Ecological physiology of invertebrates and fishes; biological oceanography; physiology of deep-sea animals; metabolic adaptations of hydrothermal vent animals; chemoautotrophic endosymbioses.
The central focus of the field is “how organisms work”. A science with a long, distinguished history, physiology makes use of a wide range of approaches, including biophysics, biochemistry and molecular biology, to study the mechanisms underlying how organisms capture and process energy, grow and reproduce, regulate their internal processes, run, swim, fly, respond to external stimuli, communicate and process information. EEMB faculty include ecological physiologists who use the mechanistic thinking, approaches and techniques of physiology to address ecological questions concerning organismal distribution and abundance, behavior, responses and adaptation to environmental change. Evolutionary physiologists study the origins and evolution of function. EEMB faculty investigate the hormonal mechanisms regulating reproduction in fishes, the selective forces that influence the geographic distribution of intertidal marine invertebrates, the effects of ocean acidification, the origins and evolution of visual systems and floral pigments, the mechanisms underlying body-size scaling of metabolic rates, the effects of temperature and altitude on foraging behavior. Ecological and evolutionary physiology in EEMB represents a shift in focus from the traditional study of “mechanism for the sake of mechanism”, interesting and important as it is, to mechanisms fundamental to the understanding of ecological patterns and processes, survival in and adaptation to a changing world.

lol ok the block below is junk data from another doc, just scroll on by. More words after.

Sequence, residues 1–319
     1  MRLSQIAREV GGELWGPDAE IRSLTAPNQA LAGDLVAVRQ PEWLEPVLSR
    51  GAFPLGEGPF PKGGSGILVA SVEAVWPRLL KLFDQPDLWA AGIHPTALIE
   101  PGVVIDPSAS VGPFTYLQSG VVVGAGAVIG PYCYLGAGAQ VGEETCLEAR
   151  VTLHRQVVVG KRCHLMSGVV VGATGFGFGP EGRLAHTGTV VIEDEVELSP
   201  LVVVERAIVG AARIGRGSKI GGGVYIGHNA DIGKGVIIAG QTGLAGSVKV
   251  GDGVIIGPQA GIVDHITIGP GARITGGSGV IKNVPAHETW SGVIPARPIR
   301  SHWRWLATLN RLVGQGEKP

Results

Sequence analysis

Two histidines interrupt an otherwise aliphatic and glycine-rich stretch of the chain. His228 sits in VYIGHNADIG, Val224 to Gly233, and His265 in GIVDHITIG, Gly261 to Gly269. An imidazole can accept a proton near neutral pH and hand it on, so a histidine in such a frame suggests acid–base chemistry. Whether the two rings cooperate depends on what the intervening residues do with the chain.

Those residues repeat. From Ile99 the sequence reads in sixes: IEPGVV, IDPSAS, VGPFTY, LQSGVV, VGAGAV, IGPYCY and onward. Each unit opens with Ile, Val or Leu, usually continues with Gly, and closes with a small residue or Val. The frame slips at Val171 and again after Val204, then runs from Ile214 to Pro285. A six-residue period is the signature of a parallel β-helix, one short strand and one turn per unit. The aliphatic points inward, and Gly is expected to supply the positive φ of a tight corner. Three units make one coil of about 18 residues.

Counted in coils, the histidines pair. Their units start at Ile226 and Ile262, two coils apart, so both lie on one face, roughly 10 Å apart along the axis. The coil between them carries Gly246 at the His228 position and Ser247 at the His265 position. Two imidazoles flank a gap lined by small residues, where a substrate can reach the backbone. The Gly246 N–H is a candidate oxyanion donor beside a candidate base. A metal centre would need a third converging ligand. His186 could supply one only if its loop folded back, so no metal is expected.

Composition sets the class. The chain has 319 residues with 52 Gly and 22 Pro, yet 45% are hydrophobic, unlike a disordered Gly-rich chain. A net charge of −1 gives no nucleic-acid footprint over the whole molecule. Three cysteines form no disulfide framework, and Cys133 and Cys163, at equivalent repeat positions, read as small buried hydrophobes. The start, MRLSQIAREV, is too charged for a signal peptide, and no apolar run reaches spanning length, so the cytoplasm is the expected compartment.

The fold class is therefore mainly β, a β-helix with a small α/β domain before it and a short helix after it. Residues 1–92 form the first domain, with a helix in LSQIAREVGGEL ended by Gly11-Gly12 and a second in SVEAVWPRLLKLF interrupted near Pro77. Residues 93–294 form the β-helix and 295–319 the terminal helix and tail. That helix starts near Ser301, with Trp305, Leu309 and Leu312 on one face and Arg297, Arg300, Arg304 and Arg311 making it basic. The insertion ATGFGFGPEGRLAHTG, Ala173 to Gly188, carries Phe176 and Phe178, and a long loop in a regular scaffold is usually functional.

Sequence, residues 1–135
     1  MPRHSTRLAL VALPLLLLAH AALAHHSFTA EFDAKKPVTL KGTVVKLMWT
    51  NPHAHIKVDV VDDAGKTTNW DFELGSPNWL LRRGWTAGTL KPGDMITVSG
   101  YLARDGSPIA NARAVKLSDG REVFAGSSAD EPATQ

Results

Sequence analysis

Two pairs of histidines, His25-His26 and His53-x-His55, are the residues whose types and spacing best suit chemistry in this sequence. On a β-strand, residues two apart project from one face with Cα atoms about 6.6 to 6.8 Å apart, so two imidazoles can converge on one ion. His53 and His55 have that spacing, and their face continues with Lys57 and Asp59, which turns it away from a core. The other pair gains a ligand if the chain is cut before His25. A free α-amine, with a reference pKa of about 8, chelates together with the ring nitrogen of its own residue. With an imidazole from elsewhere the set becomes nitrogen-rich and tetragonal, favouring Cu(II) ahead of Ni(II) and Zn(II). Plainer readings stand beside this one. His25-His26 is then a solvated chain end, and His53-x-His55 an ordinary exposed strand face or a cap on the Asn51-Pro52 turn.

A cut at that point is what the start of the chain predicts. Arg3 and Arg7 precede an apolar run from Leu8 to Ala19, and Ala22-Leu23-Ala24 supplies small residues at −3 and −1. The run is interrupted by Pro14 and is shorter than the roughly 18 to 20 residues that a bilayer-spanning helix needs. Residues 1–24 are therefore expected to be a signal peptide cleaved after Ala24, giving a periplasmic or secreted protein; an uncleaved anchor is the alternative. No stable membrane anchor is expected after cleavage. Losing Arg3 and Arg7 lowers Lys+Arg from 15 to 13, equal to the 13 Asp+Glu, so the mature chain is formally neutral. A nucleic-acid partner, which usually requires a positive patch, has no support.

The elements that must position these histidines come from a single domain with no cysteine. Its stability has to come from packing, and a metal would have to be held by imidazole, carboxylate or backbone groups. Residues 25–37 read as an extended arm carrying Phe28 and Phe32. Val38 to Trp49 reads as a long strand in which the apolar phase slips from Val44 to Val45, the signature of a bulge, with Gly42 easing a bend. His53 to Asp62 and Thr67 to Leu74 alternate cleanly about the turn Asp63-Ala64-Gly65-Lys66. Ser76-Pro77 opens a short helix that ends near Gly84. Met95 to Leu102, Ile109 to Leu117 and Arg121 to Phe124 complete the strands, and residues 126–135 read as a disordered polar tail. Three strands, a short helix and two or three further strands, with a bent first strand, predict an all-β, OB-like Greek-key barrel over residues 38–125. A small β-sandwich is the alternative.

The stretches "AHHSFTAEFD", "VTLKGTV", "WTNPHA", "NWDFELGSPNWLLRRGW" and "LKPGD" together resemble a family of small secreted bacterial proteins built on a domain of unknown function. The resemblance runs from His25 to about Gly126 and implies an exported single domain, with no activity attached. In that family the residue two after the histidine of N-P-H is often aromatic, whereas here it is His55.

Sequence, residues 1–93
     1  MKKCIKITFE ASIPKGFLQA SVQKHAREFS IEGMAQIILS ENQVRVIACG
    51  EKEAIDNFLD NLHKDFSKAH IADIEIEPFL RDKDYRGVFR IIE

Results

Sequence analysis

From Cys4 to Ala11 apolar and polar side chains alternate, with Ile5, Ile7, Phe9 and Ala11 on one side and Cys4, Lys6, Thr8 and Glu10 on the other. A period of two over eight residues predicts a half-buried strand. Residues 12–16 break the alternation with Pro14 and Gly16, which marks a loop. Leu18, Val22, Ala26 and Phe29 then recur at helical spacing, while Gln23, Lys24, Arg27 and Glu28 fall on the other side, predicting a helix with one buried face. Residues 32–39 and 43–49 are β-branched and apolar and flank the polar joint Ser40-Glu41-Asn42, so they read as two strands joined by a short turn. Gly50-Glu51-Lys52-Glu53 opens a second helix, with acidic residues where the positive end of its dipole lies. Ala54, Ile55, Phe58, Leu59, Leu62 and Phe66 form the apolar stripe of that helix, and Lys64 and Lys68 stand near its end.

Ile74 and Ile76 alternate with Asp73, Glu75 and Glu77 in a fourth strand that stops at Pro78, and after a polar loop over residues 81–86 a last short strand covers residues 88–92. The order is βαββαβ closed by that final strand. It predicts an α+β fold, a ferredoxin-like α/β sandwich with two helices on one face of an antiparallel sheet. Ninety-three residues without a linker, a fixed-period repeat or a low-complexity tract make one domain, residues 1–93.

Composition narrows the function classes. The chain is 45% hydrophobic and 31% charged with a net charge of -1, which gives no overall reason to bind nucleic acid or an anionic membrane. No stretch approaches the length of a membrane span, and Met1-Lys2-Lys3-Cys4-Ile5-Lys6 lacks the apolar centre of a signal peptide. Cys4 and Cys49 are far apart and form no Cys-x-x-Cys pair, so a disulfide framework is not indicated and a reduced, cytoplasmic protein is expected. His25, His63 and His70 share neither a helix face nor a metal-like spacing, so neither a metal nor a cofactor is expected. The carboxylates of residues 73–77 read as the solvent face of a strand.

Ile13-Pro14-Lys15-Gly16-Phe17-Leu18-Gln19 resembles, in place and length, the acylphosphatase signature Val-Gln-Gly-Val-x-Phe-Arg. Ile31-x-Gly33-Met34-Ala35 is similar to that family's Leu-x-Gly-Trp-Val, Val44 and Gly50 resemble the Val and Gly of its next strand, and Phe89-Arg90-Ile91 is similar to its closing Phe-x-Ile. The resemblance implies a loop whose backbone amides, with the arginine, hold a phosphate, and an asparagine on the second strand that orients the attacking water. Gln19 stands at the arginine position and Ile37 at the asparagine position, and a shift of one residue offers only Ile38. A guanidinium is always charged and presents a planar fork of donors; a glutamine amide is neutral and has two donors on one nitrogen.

The Eliason Lab studies ecological and evolutionary physiology in fish. We are interested in the behavioral, physiological and biochemical processes that allow fish to thrive in their specific environmental conditions.
Ecological physiology of marine organisms.
Marine biogeochemistry, ocean acidification, phytoplankton ecophysiology, marine calcification, inorganic carbon chemistry, genomics, shot-gun proteomics, genetic diversity.
Our lab addresses the question of how complex traits originate during evolution. We primarily study invertebrate visual systems and eyes, addressing questions like, when did a particular phenotype evolve? When did the components of that phenotype evolve? Where did those components come from? What evolutionary processes and mechanisms were involved?
Molecular and genetic control of development in the nematode C. elegans; regulation of programmed cell death; mechanisms of tumorigenesis.
Comparative biochemistry and physiology; energetics of animal locomotion; evolutionary design of functional capacities; ecological physiology.